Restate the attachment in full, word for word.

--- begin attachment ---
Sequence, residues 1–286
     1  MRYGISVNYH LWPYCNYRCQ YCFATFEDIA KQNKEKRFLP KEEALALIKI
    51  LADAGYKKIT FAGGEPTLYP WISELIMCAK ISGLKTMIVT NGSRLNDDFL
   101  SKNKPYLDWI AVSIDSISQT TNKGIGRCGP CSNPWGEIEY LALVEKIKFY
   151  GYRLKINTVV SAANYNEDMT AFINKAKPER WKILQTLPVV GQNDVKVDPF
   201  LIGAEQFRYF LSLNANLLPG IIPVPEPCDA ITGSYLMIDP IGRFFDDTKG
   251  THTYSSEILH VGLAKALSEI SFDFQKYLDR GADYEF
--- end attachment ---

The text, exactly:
Sequence, residues 1–286
     1  MRYGISVNYH LWPYCNYRCQ YCFATFEDIA KQNKEKRFLP KEEALALIKI
    51  LADAGYKKIT FAGGEPTLYP WISELIMCAK ISGLKTMIVT NGSRLNDDFL
   101  SKNKPYLDWI AVSIDSISQT TNKGIGRCGP CSNPWGEIEY LALVEKIKFY
   151  GYRLKINTVV SAANYNEDMT AFINKAKPER WKILQTLPVV GQNDVKVDPF
   201  LIGAEQFRYF LSLNANLLPG IIPVPEPCDA ITGSYLMIDP IGRFFDDTKG
   251  THTYSSEILH VGLAKALSEI SFDFQKYLDR GADYEF